Welcome to my blog, the story of my continuing journey into the World of Zombie Wargames.

Monday, 29 October 2012

Cottage (1)

This is the first in what will probably be several posts concerning the building of my cottages.

The seed of this idea was probably first sown in Brummie's Blog back in July, when he started making cottages for his NMRIH game.
It was then nurtured by Vampifan's fine rendition of a Stoelzels' cottage on his blog in (and finally I was completely hooked on the idea of some cottages by Colgar6's rendition of  his "Golden Hills Sheltered Accomodation"  which again used the Stoelzels Cottages.

To get my excuses in early, this was a a bit of a rushed paintjob; this last week has been pretty rough for all sorts of reasons and I haven't managed to get as much done as I would have liked, plus I hate painting anyway (buildings, figures, my living room etc.)
 As a kind of bonus, here's Sid beside some of the sacks I made (as shown first in last week's blog.). I realised that there was nothing to show the relative size of them last time.
I actually started making the cottages with a friend (who was new to my modelling ways), so this is the prototype, #1 and he has number 2; number 3  is at about the same stage as this prototype and number 4 is a bit "different" and you'll see what I mean by different in a few weeks time.
I wanted all the cottages to be very similar in their general appearance, but each unique in their own way. They all  have about the same footprint of 6" x 4-5 " (150mm x 100mm-125mm) excluding the chimney which is either intergral to a wall (as in this case) or is buttted onto the wall as in cottage no 2)
This photo shows cottages  numbers one and two during their construction, each one sits about 10mm above the ground level.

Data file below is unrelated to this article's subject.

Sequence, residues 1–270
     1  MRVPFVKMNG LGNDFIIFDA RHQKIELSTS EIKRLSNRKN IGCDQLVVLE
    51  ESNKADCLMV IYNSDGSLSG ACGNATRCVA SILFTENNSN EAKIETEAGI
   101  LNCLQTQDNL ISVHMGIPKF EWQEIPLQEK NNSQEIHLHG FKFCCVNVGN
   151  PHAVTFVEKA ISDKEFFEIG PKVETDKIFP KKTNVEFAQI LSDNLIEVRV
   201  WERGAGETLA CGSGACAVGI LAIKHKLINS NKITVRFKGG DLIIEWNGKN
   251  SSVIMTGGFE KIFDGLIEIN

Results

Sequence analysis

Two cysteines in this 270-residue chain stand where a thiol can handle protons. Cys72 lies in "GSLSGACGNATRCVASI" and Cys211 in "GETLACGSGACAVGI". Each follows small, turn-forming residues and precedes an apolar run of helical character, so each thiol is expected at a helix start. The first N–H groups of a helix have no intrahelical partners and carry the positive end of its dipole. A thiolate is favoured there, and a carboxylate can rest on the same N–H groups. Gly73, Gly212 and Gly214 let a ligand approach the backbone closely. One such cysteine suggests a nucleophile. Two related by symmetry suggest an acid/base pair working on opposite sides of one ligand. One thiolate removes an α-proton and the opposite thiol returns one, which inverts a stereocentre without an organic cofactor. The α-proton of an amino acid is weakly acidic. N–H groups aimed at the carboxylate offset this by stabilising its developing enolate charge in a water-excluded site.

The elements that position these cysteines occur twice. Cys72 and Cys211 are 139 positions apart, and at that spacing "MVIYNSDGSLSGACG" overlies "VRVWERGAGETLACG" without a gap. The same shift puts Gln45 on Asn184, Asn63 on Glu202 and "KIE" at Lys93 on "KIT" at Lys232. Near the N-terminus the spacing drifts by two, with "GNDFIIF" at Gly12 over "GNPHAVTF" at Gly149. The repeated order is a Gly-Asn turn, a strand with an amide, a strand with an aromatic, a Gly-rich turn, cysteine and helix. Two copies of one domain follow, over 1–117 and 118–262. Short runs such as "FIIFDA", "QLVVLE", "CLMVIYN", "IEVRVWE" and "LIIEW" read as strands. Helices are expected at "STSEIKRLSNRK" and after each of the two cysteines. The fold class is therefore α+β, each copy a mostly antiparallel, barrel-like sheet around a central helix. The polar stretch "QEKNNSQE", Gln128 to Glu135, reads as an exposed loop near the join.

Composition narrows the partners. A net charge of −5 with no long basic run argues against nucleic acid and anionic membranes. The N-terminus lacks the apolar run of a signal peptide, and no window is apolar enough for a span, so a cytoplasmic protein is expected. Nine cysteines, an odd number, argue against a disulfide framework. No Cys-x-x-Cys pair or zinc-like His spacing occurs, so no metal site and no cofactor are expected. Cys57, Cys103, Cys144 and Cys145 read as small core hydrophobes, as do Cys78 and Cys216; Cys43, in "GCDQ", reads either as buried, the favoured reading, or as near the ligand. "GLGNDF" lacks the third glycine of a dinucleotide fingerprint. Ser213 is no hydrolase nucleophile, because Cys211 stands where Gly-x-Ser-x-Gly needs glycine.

The height to the eaves is about 75mm above the 10mm "foundation" with another 75mm to the roof ridge.
The cottage on the right is #1, that on the left is #2 (my friend's one). 
From this photo you can hopefully see that they are very similar, but #1 does have a window in the upper eaves.
The chimneys are also made from different materials, cork and foamboard; both have different properties and I've used foamboard for the chimney in cottage number 3.
The photograph on the right show the rear of the building, nothing remarkable there however.
As you may have guessed these cottages were all made using more or less the same materials for the main building shell. The ubiquitous wooden coffee stirrers provide the planking for both the wall and the floors of the buildings, but there are other materials too such as the back step which is two pieces of scrap plastic glued together.

All the cottages have removable roofs (except number 4 for reasons which will be obvious when you see it) and will have detailed interiors, after all, no-one want the wrath of Van Fampi to befall them !
The windows are all acetate and the doors do actually open.
I've finished all internal walls in cottages 1 and 3, including their opening doors and I'm currently scratch building the interiors, although I may have to revert to some of the WorldWorksGames interior props, for speed.
As for cottage number 2, well even I don't know how that is progressing though I've been assured that is is !

 I think that in a couple of weeks I'll have completely finished all three of my current cottages, including their internal fittings. I should also have finished painting my home-made beds (about 16 of them). I've also been working on some tenements whose progress has been stunted by my indecision on their internal designs, but I should have the external shell finished by the end of November. However, like many others I suspect I do get side-tracked into other projects, the photograph on the right is one such one. It's a sheet of thin A4 card, roughly gridded into rectangles, I'll report more on this in the future, if/when the idea comes to fruition !.